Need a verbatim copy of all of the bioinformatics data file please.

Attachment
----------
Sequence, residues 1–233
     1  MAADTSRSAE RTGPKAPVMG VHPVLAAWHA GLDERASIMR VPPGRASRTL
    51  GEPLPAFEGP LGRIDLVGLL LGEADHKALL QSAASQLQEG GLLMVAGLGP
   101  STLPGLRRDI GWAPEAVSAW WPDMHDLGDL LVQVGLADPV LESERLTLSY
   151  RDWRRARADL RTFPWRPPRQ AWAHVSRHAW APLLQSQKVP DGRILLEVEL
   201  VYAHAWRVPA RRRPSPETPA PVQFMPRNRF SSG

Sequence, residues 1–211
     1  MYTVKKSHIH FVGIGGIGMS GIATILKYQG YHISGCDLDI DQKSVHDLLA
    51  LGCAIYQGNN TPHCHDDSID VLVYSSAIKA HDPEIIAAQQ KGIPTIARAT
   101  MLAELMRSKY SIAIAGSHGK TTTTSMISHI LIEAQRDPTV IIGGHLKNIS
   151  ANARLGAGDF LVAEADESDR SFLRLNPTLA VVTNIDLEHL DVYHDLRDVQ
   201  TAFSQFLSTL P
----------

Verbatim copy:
Sequence, residues 1–233
     1  MAADTSRSAE RTGPKAPVMG VHPVLAAWHA GLDERASIMR VPPGRASRTL
    51  GEPLPAFEGP LGRIDLVGLL LGEADHKALL QSAASQLQEG GLLMVAGLGP
   101  STLPGLRRDI GWAPEAVSAW WPDMHDLGDL LVQVGLADPV LESERLTLSY
   151  RDWRRARADL RTFPWRPPRQ AWAHVSRHAW APLLQSQKVP DGRILLEVEL
   201  VYAHAWRVPA RRRPSPETPA PVQFMPRNRF SSG

Sequence, residues 1–211
     1  MYTVKKSHIH FVGIGGIGMS GIATILKYQG YHISGCDLDI DQKSVHDLLA
    51  LGCAIYQGNN TPHCHDDSID VLVYSSAIKA HDPEIIAAQQ KGIPTIARAT
   101  MLAELMRSKY SIAIAGSHGK TTTTSMISHI LIEAQRDPTV IIGGHLKNIS
   151  ANARLGAGDF LVAEADESDR SFLRLNPTLA VVTNIDLEHL DVYHDLRDVQ
   201  TAFSQFLSTL P